REIDSVILLE Cathy Osborne clearly remembers the first traffic stop she made on her own as a rookie officer at the Reidsville Police Department.

After beginning work on Feb. 22, 1999, Osborne rode with her training officer, Sgt. David Frizzell, for the first four months under the watchful eye of shift Lt. Bruce Needham.

Her shift was doing a seatbelt campaign, so when she saw a driver without one, she turned on her blue lights and siren.

“My legs were shaking. My hands were shaking,” Osborne said. “It wasn’t that I was scared. It was just being out there on my own and stopping my first car. I remember that vividly.”

Twenty-one years later, on May 31, Lt. Cathy Osborne signed off her final shift to begin her retirement. The communication center’s airwaves were suddenly filled with fellow officers, including Chief Robert Hassell, bidding her farewell and wishing her the best in her retirement.

“It is with great honor and recognition that I congratulate Lt. Cathy Osborne on her retirement,” Hassell said in a written statement last week. “Her selfless dedication and commendable efforts touched and changed many individuals in our organization and community. With gratitude and appreciation, I thank her for her unwavering service of excellence to public safety within the Reidsville Police Department.”

Deputy Chief Ronnie Ellison agreed, saying “It was my pleasure to work with Lt. Cathy Osborne in her 20 years of service with the Reidsville Police Department. She was an officer of high integrity and had a true servant’s heart.”

Now, Osborne said will take “a little vacation” to the beach with her husband, Curtis, but won’t be out of uniform for long. She hopes to go to work soon for the U.S. Marshal Service at the federal courthouse in Winston-Salem.

Law enforcement wasn’t her chosen career when Osborne decided to enroll in basic law enforcement training at Guilford Technical Community College. She didn’t know anyone personally in law enforcement.

“I really believe in justice and taking up for people that have been wronged,” she said. “So when I started looking for a career, I looked at law enforcement. It’s such an honorable profession.”

After graduating in 1998, Osborne was working for the GTCC campus police when Reidsville Police Lt. Bill Roland called in 1999 and offered her a job.

Things were not always easy for Osborne. When she first started, law enforcement was just beginning to accept women, she said.

“Going to an all-male basically dominated profession, I felt like I had to show that I was capable and as able to do this job as anybody else,” she said.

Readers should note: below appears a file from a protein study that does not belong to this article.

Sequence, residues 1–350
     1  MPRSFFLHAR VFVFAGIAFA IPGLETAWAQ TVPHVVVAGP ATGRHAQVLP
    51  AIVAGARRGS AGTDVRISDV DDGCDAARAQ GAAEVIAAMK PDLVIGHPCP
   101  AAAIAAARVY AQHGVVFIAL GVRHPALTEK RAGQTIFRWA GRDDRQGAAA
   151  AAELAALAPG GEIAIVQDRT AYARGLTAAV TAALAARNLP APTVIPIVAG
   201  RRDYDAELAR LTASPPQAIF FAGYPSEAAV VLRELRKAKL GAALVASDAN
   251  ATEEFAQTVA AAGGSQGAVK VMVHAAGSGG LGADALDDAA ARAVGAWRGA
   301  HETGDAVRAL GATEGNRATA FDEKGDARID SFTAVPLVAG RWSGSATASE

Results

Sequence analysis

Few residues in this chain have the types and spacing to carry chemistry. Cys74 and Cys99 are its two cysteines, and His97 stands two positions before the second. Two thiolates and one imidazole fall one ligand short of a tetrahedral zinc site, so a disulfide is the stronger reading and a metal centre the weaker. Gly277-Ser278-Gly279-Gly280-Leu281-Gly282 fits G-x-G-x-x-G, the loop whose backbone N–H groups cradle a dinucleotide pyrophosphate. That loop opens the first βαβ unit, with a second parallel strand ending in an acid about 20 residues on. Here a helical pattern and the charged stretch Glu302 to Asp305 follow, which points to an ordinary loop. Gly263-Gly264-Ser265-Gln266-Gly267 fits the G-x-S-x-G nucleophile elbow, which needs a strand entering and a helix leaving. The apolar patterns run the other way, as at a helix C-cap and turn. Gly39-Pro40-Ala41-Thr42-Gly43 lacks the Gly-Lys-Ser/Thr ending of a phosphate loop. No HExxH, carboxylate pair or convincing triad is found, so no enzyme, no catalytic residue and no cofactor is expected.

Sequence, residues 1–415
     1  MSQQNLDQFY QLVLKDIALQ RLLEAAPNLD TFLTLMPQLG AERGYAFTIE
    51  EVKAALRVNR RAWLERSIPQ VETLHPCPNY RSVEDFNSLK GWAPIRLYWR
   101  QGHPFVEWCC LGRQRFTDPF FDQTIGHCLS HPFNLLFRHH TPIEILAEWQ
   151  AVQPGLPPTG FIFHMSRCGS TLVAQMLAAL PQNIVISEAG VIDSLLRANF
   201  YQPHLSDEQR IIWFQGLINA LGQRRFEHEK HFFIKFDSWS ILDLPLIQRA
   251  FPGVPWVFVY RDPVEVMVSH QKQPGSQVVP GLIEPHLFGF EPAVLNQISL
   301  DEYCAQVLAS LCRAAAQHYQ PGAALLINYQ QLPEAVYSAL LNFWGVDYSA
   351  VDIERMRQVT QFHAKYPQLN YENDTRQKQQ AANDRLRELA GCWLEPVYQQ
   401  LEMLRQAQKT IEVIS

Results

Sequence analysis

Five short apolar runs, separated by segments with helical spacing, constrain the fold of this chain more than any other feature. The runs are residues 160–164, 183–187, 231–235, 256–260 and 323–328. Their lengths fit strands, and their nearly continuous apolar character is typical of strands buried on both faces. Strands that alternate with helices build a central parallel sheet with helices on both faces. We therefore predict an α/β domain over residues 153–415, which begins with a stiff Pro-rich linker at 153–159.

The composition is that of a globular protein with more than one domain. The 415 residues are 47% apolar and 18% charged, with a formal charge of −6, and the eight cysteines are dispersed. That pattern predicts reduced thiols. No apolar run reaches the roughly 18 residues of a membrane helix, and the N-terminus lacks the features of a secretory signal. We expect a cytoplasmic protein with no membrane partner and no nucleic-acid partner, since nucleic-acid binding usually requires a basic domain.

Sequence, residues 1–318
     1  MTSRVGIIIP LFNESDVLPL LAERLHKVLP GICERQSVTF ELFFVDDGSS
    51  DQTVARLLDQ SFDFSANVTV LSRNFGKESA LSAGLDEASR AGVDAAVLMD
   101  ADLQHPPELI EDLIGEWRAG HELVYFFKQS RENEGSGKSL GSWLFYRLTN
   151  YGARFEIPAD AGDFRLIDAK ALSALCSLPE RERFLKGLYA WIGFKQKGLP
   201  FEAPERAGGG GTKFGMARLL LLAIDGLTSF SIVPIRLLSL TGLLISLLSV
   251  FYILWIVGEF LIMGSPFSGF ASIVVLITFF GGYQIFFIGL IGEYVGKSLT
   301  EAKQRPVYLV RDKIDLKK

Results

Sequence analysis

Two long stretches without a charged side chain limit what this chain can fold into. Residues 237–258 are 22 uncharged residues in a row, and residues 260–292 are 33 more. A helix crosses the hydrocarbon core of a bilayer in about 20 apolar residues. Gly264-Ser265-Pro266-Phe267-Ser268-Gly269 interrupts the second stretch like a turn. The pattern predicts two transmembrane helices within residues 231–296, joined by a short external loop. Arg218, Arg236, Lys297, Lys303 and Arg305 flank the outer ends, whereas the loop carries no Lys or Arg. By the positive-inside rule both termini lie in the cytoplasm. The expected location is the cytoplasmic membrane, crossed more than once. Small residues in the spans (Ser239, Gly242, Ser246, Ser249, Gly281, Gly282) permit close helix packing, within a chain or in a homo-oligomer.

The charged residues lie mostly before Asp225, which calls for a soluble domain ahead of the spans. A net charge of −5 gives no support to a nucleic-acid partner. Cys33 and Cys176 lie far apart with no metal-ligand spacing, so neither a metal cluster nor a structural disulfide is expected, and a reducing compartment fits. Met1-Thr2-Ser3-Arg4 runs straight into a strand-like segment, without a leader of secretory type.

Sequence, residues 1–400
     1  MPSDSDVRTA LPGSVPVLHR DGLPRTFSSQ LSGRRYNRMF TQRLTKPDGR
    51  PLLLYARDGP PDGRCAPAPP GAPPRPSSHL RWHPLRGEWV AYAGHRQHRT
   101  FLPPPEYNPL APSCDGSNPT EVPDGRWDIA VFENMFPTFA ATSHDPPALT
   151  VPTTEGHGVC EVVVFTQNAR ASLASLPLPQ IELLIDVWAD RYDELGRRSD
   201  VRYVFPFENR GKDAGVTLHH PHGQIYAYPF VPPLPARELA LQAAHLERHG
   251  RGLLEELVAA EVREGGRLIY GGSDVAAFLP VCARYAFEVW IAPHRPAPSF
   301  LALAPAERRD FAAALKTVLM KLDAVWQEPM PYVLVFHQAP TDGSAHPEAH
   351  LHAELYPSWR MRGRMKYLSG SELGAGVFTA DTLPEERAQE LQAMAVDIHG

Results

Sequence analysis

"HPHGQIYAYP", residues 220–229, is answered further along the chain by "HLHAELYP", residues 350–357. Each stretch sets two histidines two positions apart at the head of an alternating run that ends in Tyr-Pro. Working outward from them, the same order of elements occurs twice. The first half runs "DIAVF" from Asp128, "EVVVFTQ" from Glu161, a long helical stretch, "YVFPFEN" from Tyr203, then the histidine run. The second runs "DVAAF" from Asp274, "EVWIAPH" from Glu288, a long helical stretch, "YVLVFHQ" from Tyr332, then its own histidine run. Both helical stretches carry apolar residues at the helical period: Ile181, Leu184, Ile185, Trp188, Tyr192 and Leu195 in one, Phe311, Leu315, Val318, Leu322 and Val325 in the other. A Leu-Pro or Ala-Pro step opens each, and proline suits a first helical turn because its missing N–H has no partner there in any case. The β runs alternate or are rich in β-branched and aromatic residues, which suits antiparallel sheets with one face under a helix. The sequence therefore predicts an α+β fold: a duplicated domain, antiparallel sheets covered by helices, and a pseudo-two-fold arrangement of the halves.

In her early days, while on patrol, Osborne remembers being dispatched to a domestic scene and spotting someone fitting the suspect’s description walking down the street.

“I stopped him and was talking to him, trying to wait for backup,” she said. But, the man kept going.

“When I went to place him under arrest, a struggle ensued and we were scuffling in the middle of the road,” Osborne said. Officer John Pulliam quickly helped her detain the man.

While at the magistrate’s office, Osborne realized her badge had fallen off during the scuffle. Although she and other officers went back to look for it, “we never did retrieve that badge.”

Six months after starting work, Osborne was assigned to the department’s tactical team and worked there for several years before becoming a narcotics detective. Her job included undercover work.

Asked about her husband’s feelings when she was working undercover, Osborne said “he was kind of worried about it and didn’t really want me to do it. But, he knew it was something I wanted to do and knew I was capable.”

After returning to patrol duties, Osborne served as acting sergeant for a while before being promoted to sergeant in June 2012. Three years later, she was made lieutenant.

The most prideful assignment Osborne attained was in 2016 when Hassell appointed her as commander of the special response team. She had been on the team since 2012.

“I always kept my phone on and always answered my phone in case I was needed to go anywhere at a moment’s notice,” she said. The job required her to be on the scene in an hour but it took her only 45 minutes to get there from her High Point home.

“Working a 12-hour shift and spending another two hours driving to and from work … a 12-hour day turned into a 14-hour day for me,” Osborne said about her schedule.

Now, that grueling schedule is behind her and she looks forward to having more time to spend with her children, Tony and Angie, and five grandchildren.

In her spare time, Osborne works out frequently and enjoys kick-boxing. About a year ago, a friend invited her to a kick-boxing class and “I fell right in love with it and I’ve been going every since.”

As she looks back on her career, Osborne said she would encourage today’s youth to “Follow your dreams. Don’t let anyone tell you you can’t do it.”

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